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Plant Physiol. 1991 Nov;97(3):1136-45.

Effects of Salinity on Water Transport of Excised Maize (Zea mays L.) Roots.

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  • 1Lehrstuhl für Pflanzenökologie, Universität Bayreuth, D-8580 Bayreuth, Federal Republic of Germany.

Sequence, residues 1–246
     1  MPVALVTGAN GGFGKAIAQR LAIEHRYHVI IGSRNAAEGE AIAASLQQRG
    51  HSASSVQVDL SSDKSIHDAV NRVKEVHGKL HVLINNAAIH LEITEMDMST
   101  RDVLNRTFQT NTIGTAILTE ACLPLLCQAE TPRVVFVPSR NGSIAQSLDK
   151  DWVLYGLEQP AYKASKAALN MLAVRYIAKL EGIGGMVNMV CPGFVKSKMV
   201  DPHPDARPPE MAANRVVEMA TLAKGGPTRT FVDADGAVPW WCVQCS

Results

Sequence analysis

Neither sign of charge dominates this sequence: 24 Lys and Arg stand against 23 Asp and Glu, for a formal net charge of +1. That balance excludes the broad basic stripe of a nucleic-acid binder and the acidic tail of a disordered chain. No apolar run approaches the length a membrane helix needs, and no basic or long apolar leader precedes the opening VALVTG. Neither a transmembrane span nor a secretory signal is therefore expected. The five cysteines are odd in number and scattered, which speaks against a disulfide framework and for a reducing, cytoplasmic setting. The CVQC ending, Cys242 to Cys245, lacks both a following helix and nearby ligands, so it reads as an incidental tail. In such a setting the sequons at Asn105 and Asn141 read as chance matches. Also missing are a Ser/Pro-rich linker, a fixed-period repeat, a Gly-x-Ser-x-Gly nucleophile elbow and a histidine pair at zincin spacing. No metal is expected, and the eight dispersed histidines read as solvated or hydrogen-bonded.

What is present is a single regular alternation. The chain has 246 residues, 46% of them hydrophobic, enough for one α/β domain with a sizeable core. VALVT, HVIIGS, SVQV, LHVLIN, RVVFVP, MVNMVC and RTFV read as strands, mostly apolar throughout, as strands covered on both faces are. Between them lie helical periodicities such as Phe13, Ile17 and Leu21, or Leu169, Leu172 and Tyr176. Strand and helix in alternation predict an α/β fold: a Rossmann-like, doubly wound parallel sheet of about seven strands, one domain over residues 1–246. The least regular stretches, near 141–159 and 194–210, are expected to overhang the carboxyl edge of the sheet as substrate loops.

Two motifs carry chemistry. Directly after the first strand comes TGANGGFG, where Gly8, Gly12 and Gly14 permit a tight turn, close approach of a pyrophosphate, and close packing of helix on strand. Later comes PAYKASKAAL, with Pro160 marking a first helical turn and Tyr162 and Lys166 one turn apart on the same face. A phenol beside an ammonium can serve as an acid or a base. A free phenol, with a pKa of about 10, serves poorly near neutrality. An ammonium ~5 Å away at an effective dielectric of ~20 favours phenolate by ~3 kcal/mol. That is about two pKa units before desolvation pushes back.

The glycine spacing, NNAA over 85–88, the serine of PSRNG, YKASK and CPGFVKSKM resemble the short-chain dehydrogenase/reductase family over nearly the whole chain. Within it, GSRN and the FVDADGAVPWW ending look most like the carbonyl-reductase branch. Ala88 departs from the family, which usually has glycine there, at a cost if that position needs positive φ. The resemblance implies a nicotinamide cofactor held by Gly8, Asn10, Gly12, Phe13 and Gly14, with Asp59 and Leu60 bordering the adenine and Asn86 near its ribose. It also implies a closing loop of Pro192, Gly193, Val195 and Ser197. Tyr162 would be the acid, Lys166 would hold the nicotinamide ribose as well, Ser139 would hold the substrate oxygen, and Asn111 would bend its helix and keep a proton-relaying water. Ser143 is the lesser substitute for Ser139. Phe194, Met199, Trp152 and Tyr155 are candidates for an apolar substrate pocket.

The root pressure probe was used to determine the effects of salinity on the hydraulic properties of primary roots of maize (Zea mays L. cv Halamish). Maize seedlings were grown in nutrient solutions modified by additions of NaCl and/or extra CaCl(2) so that the seedlings received one of four treatments: Control, plus 100 millimolar NaCl, plus 10 millimolar CaCl(2), plus 100 millimolar NaCl plus 10 millimolar CaCl(2). The hydraulic conductivities (Lp(r)) of primary root segments were determined by applying gradients of hydrostatic and osmotic pressure across the root cylinder. Exosmotic hydrostatic Lp(r) for the different treatments were 2.8, 1.7, 2.8, and 3.4.10(-7) meters per second per megapascals and the endosmotic hydrostatic Lp(r) were 2.4, 1.5, 2.7, and 2.3.10(-7) meters per second per megapascals, respectively. Exosmotic Lp(r) of the osmotic experiments were 0.55, 0.38, 0.68, and 0.60.10(-7) meters per second per megapascals and the endosmotic Lp(r) were 0.53, 0.21, 0.56, and 0.54.10(-7) meters per second per megapascals, respectively. The osmotic Lp(r) was significantly smaller (4-5 times) than hydrostatic Lp(r). However, both hydrostatic and osmotic Lp(r) experiments showed that salinization of the growth media at regular (0.5 millimolar) calcium levels decreased the Lp(r) significantly (30-60%). Addition of extra calcium (10 millimolar) to the salinized media caused ameliorative effects on Lp(r). The low Lp(r) values may partially explain the reduction in root growth rates caused by salinity. High calcium levels in the salinized media increased the relative availability of water needed for growth. The mean reflection coefficients of the roots using NaCl were between 0.64 and 0.73 and were not significantly different for the different treatments. The mean values of the root permeability coefficients to NaCl of the different treatments were between 2.2 and 3.5.10(-9) meters per second and were significantly different only in one of four treatments. Cutting the roots successively from the tip and measuring the changes in the hydraulic resistance of the root as well as staining of root cross-sections obtained at various distances from the root tip revealed that salinized roots had mature xylem elements closer to the tip (5-10 millimeters) compared with the controls (30 millimeters). Our results demonstrate that salinity has adverse effects on water transport and that extra calcium can, in part, compensate for these effects.

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